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Stammering & Autism

Read about the link between stammering and autism.

Disfluencies in speech is common for people on the autistic spectrum. Autism affects the way people experience the world around them. It also affects the way they communicate. 

Every person with autism is different. Some people may talk very little, while others may talk a lot and be very fluent. Some people may be very aware of their disfluencies. They may develop negative thoughts and feelings about their speech. Others may have little or no awareness that their speech patterns are disrupted.

The range of disfluencies can be quite broad, and includes features such as:

  • Stammering, or stuttering as it's called in other parts of the world. This includes prolonging/stretching sounds, repeating sounds or words, or having silent blocks. Particularly at the beginning of words, but it can occur anywhere in a sentence. See our page What Is Stammering? for more information.
  • The normal disfluencies present in everyone's speech, but at a higher rate than is typical. This includes 'um's and 'er's, hesitations, rephrasing and pauses.
  • Less common disfluencies. This can include repeating sounds at the end of words, or repeating words at the end of a phrase or sentence. Or it could be inserting extra sounds in the middle of words.

How to help

Here are some tips for helping someone with autism who is stammering:

  • Give them time to plan what they want to say.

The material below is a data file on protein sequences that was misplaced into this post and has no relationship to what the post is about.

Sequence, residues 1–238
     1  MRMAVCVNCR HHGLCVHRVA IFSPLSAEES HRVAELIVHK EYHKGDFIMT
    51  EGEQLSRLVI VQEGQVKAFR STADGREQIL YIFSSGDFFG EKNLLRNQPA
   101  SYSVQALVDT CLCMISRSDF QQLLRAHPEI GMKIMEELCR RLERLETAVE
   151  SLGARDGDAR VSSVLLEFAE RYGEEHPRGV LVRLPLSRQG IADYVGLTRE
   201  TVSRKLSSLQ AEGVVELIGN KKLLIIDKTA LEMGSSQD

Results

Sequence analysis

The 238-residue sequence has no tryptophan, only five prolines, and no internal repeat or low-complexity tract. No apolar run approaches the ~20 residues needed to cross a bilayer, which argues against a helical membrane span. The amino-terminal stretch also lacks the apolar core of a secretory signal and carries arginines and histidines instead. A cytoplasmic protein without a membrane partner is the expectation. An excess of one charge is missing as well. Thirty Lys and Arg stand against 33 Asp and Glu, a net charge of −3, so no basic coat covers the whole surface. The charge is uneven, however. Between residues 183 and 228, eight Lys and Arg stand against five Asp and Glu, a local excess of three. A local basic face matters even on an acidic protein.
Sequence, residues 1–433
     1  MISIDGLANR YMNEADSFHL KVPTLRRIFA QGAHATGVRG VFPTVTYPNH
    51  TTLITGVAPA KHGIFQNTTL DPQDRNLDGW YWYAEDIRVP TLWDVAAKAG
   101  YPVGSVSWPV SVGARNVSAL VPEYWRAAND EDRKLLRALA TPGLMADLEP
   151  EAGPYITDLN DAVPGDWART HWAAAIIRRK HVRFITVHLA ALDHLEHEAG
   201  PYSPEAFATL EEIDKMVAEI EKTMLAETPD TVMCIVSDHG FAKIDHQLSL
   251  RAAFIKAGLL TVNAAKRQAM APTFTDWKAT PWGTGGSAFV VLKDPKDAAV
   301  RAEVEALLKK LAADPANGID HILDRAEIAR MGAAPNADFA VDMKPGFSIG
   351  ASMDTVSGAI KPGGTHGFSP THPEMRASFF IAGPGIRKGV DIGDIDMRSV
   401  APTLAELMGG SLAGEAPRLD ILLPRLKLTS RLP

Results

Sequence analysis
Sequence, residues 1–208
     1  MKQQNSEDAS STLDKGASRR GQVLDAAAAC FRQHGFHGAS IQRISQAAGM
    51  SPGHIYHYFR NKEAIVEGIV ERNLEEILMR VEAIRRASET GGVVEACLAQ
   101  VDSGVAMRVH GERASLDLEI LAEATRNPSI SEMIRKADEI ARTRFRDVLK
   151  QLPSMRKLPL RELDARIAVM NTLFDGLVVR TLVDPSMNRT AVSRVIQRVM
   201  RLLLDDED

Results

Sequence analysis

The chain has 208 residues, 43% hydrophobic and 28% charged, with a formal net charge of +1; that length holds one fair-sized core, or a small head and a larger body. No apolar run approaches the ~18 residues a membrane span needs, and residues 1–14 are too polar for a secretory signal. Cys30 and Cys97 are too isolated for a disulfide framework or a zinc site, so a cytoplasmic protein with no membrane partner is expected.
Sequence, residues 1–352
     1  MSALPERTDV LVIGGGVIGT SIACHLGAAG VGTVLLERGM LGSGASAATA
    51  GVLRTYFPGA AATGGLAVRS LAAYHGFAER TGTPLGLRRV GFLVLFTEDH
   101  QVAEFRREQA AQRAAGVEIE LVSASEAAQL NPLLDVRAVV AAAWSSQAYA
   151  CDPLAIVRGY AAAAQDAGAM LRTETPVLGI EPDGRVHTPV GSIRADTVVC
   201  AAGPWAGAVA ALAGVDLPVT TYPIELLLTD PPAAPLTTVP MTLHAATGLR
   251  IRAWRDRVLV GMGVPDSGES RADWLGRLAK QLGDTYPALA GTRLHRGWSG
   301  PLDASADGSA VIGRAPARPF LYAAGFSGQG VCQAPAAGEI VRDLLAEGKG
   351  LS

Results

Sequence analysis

• Say exactly what you mean. People with autism spectrum conditions can take things literally. Don't use slang, sarcasm or idioms such as "She's as cool as a cucumber" or "It went down to the wire". People will find these hard to understand.
  • Eye contact can be very uncomfortable for some people with autism spectrum conditions. Don't be offended if the person doesn't make eye contact with you during a conversation.

Support & more information

The National Autistic Society has some useful tips for communicating with people who are autistic. 

The NHS website has pages about autism.

What next?

Donate & make a difference

Creating this page was only possible thanks to your kind donations. 

Please consider making a donation to STAMMA: click here. You'll be helping us to: 

  • keep our support services running for people who stammer and worried parents 
  • put on workshops and support groups
  • stage events to bring people together
  • create guides for teachers and employers 
  • create our award-winning campaigns for change. 

Thank you.

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